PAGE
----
Speech Analysis Methodologies towards Unobtrusive Mental Health Monitoring
The human voice encodes a wealth of information about emotion, mood and mental states. With the advent of pervasively available speech collection methods (e.g., mobile phones) and the low-computation costs of speech analysis, it suggests that non-invasive, relatively reliable, and modestly inexpensive platforms are available for mass and long-term deployment of a mental health monitor. In the thesis, I describe my investigation pathway on speech analysis to measure a variety of mental states, including affect and those triggered by psychological stress and sleep deprivation.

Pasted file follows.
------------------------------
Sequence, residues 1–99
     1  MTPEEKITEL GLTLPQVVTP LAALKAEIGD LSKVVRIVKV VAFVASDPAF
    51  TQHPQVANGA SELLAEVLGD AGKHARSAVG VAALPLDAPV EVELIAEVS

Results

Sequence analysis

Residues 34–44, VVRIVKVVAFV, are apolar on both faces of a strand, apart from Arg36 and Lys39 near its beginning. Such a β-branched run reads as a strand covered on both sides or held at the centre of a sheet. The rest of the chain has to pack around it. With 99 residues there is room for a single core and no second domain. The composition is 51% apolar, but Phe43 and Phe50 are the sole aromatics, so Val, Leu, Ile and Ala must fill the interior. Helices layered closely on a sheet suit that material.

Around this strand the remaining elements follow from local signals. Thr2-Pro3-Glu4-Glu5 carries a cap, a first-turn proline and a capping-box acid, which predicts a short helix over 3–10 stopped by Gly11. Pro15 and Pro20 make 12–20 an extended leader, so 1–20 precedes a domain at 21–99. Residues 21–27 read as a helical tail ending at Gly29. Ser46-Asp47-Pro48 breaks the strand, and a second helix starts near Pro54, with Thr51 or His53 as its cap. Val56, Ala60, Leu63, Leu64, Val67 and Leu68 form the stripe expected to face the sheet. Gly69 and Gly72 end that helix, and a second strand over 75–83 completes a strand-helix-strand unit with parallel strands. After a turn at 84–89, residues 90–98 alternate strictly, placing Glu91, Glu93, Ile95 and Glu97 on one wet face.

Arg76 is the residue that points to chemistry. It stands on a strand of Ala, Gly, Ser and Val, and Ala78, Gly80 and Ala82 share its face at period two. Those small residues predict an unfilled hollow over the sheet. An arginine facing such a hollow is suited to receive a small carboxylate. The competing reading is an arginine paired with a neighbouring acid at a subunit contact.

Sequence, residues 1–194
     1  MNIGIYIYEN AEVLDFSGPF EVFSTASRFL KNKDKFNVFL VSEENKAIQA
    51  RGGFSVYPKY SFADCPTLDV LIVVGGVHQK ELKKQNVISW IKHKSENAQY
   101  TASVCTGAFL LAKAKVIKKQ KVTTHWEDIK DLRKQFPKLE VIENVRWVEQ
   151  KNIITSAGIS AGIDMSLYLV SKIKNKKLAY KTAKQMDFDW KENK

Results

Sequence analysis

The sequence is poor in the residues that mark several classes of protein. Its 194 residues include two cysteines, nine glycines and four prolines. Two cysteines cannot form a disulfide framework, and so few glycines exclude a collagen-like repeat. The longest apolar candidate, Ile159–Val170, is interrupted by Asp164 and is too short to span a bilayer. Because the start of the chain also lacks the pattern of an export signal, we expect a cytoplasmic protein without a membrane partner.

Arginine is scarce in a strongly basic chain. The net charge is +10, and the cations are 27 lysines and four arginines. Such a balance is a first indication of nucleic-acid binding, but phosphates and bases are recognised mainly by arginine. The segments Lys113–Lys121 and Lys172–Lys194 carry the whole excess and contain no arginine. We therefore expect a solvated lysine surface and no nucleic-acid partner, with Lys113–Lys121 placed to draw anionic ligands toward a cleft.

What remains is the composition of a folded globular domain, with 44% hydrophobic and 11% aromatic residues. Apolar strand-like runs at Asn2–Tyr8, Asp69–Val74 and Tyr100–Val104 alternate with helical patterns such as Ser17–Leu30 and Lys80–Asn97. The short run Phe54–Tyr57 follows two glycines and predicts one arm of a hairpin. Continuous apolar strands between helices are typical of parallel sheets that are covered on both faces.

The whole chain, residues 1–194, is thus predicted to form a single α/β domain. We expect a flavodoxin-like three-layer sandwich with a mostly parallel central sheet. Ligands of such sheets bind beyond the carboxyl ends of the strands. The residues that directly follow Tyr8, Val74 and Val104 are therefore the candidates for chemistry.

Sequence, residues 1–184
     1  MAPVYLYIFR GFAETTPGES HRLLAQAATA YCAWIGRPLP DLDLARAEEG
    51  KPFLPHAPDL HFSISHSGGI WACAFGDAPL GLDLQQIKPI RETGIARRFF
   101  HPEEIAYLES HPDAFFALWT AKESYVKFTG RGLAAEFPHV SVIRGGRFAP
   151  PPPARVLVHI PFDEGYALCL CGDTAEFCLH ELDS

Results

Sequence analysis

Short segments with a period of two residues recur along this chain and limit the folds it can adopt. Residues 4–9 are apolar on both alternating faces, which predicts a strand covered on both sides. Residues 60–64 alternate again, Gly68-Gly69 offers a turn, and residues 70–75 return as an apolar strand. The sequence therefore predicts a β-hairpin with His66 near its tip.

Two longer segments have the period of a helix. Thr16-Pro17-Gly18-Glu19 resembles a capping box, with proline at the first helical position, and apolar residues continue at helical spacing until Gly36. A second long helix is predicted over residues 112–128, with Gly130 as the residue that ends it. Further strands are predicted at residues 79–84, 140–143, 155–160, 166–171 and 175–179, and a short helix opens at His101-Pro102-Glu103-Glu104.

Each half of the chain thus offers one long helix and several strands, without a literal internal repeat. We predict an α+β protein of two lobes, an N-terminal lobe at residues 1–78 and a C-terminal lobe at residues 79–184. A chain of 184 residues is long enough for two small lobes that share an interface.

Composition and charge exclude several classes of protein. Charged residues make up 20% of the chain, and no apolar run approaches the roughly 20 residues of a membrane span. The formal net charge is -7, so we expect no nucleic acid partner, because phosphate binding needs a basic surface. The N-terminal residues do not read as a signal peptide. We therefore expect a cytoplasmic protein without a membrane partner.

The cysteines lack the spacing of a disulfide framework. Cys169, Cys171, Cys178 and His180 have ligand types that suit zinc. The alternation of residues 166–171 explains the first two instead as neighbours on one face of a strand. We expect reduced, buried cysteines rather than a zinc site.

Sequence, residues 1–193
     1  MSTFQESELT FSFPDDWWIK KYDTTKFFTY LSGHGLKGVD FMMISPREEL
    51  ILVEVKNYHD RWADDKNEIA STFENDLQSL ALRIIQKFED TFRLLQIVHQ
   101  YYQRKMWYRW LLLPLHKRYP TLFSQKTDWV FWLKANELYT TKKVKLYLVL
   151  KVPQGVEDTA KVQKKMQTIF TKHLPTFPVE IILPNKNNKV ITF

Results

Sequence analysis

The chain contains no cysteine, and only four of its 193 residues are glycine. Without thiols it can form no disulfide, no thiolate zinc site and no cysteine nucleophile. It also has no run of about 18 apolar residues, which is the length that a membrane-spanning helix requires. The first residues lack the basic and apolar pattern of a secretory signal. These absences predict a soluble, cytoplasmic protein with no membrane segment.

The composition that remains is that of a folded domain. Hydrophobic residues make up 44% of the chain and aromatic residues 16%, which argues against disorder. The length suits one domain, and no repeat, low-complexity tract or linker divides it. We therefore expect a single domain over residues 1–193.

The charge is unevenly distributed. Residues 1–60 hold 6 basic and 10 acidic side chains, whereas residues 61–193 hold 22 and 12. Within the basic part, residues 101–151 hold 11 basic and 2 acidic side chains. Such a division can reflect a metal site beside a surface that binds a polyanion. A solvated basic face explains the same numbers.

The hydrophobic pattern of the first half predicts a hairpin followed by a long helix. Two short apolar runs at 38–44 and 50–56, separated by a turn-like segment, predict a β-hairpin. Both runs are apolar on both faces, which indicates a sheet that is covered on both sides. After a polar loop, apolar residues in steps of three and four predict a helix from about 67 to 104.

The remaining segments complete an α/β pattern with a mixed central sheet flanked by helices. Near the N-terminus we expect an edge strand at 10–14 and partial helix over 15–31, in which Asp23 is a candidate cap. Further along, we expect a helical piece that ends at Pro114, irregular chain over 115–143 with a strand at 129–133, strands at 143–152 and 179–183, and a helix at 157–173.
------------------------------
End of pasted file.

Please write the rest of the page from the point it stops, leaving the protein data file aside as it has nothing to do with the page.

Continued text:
This work has contributions in many folds, and it brings together techniques from several areas, including speech processing, psychology, human-computer interaction, and mobile computing systems. First, I revisited emotion recognition methods by building an affective model with a naturalistic emotional speech dataset, which is consisted of a realistic set of emotion labels for real world applications. Then, leveraging the speech production theory I verified that the glottal vibrational cycles, the source of speech production, are physically affected by psychological states, e.g., mental stress. Finally, I built the AMMON (Affective and Mental health MONitor) library, a low footprint C library designed for widely available phones as an enabler of applications for richer, more appropriate, and more satisfying human- computer interaction and healthcare technologies.